NEW YORK--It was apparently one step short of a cattle stampede when low-cost airline JetBlue used its Twitter account to announce that as part of its 10th anniversary celebration it would be giving out about a thousand free round-trip tickets at three undisclosed locations in Manhattan on Wednesday.
"One of the things we knew was that people were just going to follow us," JetBlue public relations representative Morgan Johnston told CNET, relating anecdotes about one woman who claimed she sprinted in heels from midtown to the Financial District (one of the giveaway spots), people chasing the JetBlue team in taxis as they left one location to head to the next, entire offices clearing out when they heard that one of the ticket giveaways was nearby, and a cab driver who left his passenger behind in order to get out and claim a ticket. "It was like the Pied Piper of Hamlin."
CNET caught up with Johnston, whose team orchestrated the stunt, when he was at the airline's John F. Kennedy International Airport terminal to "see off" a plane headed to Austin, Texas the day before the South by Southwest Interactive Festival (SXSWi). The timing was convenient: the gate for the morning flight was packed with tech industry types headed to SXSWi who were well aware of the giveaway's success and who were eagerly grilling Johnston on whether they'd be giving away even more tickets at the annual digital-media blitz, which runs from Friday through Tuesday. (His answer: probably not.)
The mob scene on Wednesday was particularly prolific because the tickets were valid for a round-trip flight between any destinations that JetBlue flies, which include a smattering of Caribbean vacation spots in addition to U.S. cities (though the taxes and fees for any international destinations were not covered by the free pass).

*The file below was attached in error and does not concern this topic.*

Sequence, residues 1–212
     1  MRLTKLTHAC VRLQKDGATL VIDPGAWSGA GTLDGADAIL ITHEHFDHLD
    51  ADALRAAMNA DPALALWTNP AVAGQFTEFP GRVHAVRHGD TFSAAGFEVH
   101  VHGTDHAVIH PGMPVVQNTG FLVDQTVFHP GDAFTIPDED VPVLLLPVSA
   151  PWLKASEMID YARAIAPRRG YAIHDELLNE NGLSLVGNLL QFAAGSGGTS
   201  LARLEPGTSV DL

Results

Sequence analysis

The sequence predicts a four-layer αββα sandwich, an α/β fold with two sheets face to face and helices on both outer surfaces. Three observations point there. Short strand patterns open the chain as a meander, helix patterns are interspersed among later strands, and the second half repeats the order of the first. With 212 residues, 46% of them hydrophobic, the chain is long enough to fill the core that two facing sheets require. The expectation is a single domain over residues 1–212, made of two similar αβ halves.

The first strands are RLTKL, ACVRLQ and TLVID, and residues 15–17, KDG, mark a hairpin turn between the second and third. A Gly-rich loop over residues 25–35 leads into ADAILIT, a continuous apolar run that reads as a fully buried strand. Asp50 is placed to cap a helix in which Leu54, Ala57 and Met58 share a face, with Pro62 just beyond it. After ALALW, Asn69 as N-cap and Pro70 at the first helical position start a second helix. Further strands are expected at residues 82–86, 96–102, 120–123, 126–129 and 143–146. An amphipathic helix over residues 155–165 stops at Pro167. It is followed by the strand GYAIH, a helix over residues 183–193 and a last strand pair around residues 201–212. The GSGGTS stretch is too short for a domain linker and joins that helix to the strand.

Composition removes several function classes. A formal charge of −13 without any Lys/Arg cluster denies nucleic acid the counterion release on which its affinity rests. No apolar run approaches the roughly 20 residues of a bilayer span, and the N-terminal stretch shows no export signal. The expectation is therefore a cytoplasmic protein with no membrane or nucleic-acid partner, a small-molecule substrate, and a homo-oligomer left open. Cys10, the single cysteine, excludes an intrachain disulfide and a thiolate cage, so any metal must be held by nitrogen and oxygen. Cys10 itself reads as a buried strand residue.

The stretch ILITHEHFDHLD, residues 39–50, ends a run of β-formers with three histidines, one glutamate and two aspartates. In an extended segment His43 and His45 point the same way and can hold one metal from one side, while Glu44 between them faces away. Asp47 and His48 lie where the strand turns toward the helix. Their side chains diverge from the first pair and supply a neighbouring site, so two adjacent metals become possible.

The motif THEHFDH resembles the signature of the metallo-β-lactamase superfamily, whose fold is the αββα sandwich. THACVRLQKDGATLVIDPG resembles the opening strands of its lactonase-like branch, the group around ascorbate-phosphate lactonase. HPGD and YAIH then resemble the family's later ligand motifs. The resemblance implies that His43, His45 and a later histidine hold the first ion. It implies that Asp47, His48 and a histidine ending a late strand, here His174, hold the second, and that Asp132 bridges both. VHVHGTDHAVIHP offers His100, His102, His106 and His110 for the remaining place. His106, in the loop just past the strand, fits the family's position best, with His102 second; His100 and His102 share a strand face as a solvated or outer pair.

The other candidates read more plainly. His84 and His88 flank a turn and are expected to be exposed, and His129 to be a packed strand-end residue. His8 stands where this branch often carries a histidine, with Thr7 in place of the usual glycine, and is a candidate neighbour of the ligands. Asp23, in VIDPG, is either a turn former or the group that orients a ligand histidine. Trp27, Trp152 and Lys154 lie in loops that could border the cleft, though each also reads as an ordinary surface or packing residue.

To make it more challenging, people who wanted tickets had to bring something along with them: at the first stop, a "birthday card" for JetBlue ("Apparently there was a Hallmark store nearby that was very thankful for our presence," Johnston said); at the second, an item of blue clothing and something related to planes (there were a lot of bags of peanuts in line); at the third, a postcard (handmade was OK) depicting the tenth city out of which JetBlue started operating flights. That, of course, meant the person in question would have to do some Googling to find out what that city is.
The tickets--about 300 in each location--were gone within about 20 minutes of each Twitter announcement going up, Johnston said; it took only three to five minutes for the first person to show up in line, even at the location where people had to make a postcard for the mystery destination (which turned out to be West Palm Beach, Fla.).
Johnston said JetBlue was inspired by moving-target giveaways like those orchestrated by the Kogi BBQ taco trucks in Los Angeles, which inspires frequent mob scenes, supply shortages, and even the occasional Twitter impersonator who decides to use the trucks' popularity to trick people into showing up at the wrong location. It's hard to harness the crowds on Twitter, but JetBlue got lucky: Nobody got hurt, nobody sabotaged the campaign, and there was no mob of negative backlash on Twitter from folks who showed up a second too late.
It can be a risky PR or customer service move to put together something that high-profile and potentially uncontrollable, especially considering that the last big headline about airlines and Twitter involved film director Kevin Smith (who has over a million Twitter followers) lambasting Southwest Airlines after he got kicked off a flight.
The company had, however, been concerned about pranksters.
"I was asking (additional JetBlue employees) to keep an eye out for someone retweeting fake locations, because if I were a person interested in throwing someone off, I would retweet @jetblue somewhere else," Johnston said.